The General Office of the Ministry of Environmental Protection has recently issued a circular on the publication of the Catalogue of Hazardous Chemicals for Key Environmental Management, thereby launching the environmental management registration of hazardous chemicals in an all-round way. This is a major breakthrough in the environmental management of chemical substances in China.
84 dangerous chemicals are listed in the key list
The Key Catalogue currently covers 84 dangerous chemicals. They all meet one of the following three conditions: persistence, bioaccumulation and toxicity; large production or wide use with high environmental and/or health hazards; and other hazardous chemicals requiring priority environmental management, including the Stockholm Convention on Persistent Organic Pollutants (POPs) and the Minamata Convention on Mercury. Chemicals controlled by the Convention, etc.
In the future, the Ministry of Environmental Protection will organize experts to adjust and publish the Catalogue of Hazardous Chemicals for Key Environmental Management in accordance with the relevant requirements of the Registration Measures for Environmental Management of Hazardous Chemicals (Trial Implementation).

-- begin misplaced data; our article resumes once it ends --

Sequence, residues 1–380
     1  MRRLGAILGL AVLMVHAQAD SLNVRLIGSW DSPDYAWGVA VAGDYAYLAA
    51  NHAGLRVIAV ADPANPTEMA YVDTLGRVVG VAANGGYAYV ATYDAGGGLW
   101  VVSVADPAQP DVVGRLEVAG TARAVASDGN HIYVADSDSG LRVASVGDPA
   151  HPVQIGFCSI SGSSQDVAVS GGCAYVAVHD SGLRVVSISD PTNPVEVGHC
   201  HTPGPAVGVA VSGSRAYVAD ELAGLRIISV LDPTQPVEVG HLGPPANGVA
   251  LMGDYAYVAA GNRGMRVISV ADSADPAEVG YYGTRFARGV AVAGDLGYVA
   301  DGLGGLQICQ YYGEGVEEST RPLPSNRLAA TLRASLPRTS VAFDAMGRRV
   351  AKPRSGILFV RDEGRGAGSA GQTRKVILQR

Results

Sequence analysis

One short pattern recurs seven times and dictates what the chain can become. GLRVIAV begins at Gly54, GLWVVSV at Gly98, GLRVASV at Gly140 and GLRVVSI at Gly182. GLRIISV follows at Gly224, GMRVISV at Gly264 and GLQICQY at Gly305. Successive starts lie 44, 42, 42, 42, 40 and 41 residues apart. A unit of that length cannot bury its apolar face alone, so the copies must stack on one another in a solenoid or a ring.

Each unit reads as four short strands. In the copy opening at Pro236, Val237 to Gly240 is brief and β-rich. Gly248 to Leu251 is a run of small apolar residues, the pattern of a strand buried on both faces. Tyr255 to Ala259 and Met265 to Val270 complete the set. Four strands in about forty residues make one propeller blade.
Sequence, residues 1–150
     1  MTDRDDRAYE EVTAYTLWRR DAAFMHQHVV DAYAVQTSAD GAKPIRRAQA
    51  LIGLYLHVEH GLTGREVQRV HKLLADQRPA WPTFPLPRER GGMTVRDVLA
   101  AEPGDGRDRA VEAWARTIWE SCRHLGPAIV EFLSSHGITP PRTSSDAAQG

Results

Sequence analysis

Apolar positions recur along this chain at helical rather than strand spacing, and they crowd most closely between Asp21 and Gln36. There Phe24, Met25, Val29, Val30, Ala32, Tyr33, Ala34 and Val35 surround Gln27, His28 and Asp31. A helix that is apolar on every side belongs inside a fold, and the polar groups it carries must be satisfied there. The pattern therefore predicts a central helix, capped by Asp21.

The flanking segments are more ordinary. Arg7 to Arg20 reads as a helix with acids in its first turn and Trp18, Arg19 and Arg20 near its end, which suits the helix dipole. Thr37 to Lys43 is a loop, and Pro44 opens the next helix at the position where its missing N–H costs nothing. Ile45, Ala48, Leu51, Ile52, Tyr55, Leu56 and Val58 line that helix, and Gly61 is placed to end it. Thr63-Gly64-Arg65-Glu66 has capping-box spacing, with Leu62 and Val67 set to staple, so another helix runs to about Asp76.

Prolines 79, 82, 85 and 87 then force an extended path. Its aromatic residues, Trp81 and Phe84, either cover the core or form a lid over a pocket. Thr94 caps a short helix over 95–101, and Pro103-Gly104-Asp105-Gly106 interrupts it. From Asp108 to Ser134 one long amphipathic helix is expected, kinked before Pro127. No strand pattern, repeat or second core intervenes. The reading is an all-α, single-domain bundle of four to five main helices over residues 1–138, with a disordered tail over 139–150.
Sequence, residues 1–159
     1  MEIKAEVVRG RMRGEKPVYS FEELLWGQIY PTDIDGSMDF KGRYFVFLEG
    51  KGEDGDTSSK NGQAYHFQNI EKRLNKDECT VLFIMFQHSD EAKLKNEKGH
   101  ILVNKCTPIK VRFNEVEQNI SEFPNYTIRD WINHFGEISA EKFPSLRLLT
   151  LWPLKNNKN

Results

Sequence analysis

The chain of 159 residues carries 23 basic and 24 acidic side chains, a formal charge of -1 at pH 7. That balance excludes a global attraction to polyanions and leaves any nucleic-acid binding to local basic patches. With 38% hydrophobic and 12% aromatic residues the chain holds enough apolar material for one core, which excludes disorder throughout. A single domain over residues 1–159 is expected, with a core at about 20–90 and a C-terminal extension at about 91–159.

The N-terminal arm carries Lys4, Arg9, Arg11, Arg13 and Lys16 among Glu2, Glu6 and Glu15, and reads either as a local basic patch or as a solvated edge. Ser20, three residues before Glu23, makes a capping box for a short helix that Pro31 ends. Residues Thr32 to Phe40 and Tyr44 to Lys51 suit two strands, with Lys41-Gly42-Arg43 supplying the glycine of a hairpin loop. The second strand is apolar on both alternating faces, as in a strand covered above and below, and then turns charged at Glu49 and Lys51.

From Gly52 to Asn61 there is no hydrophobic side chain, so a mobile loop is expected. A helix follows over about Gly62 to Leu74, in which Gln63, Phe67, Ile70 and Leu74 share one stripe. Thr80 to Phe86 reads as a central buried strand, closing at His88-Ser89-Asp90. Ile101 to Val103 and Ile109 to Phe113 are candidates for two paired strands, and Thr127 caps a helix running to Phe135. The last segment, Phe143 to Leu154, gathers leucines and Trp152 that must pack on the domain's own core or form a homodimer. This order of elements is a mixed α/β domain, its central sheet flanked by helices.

The voice of priority management for high-risk products is risin
During the Eleventh Five-Year Plan period, the output value of China's chemical industry surpassed that of the United States and became the largest country in the global gross industrial product. Registering tens of thousands of existing chemicals, identifying their environmental and health hazards and assessing their risks are serious challenges for China's environmental management of chemicals.
In recent years, unexpected environmental pollution accidents occur frequently, and enterprises violate regulations to discharge pollutants and discard chemical pollutants frequently. In China, there is a growing demand for the implementation of pollutant discharge and transfer registration system, which requires enterprises to register toxic and harmful chemicals produced and used, so that the government can understand the production, toxicity, emission and release of these pollutants, and ultimately turn these powerful information into a weapon for public supervision and joint efforts to control pollution.